THE steps announced by Prime Minister Imran Khan as part of his anti-poverty initiative ‘Ehsaas’ sound innovative and sincere.
The amendment to Article 38 (d) of the Constitution to redefine access to food, shelter, clothing, health and education as a fundamental right would certainly, in a legal sense, change the relationship of the state with its citizenry. Along with this, Mr Khan also announced an increase in the amount of money the state intends to spend on underprivileged segments of society — from Rs80bn to Rs120bn by 2020. The prime minister also announced a new ministry for social protection and poverty alleviation would be set up, though the details were scant.
All of these are sound priorities to pursue for a leader, and there can be little doubt that Mr Khan, on his part, has shown a sincere desire to deliver to the poor. The problem is with the path forward.
In the past, too, we have heard the prime minister speak about stunting in children and malnutrition, and the distribution of poultry as income support for low-income households. To date, there is scant evidence that much has been done to follow up on these announcements. To earnestly improve access to food, shelter, clothing, health and education, far more than constitutional amendments will be required. The prime minister said that after the amendment has been made, any citizen would be able to approach a court and demand his or her fundamental rights.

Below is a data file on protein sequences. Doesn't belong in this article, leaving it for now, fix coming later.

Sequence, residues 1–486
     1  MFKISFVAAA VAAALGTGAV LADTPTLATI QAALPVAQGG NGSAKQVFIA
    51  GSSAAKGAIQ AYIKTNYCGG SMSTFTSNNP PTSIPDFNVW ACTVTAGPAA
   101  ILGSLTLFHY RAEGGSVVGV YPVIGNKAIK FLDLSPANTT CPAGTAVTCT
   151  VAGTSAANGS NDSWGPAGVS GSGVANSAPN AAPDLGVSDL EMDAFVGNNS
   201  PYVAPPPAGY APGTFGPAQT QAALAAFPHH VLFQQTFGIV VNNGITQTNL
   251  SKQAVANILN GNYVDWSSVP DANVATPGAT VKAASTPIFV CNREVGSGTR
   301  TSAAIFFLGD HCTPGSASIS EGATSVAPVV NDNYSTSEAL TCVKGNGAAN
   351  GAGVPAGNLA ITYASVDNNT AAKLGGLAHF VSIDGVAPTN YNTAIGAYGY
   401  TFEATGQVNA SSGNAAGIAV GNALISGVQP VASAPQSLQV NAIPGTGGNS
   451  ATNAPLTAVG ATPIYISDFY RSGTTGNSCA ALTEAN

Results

The first thing that will be required will be the numbers in parliament to make this amendment to the constitution. Given the kind of relationship that Mr Khan and his government have with the opposition parties, this looks like a challenging task.
Second, the capacity of the state to actually produce results is debatable. What is obstructing better health and education outcomes at present is not the fact that they are not legally recognised as fundamental rights. Instead, the challenge lies in the lack of resources, overlapping jurisdictions, and the absence of any commitment made by the political elites to prioritise social welfare objectives and give their undivided attention to the task. A constitutional amendment will give the courts the power to carve a role for themselves in the provision of social services, but this does not mean that the judiciary would be able to deliver the services in question.
It is good for Pakistan that its leadership should speak of poverty alleviation and social service delivery as important priorities of the state, and seek innovative ways to improve performance in these crucial areas. But both priorities have highly developed approaches and a wealth of past experience to learn from. A new ministry will have much to reflect on and learn, before it can embark on an effective course of action.
Published in Dawn, March 29th, 2019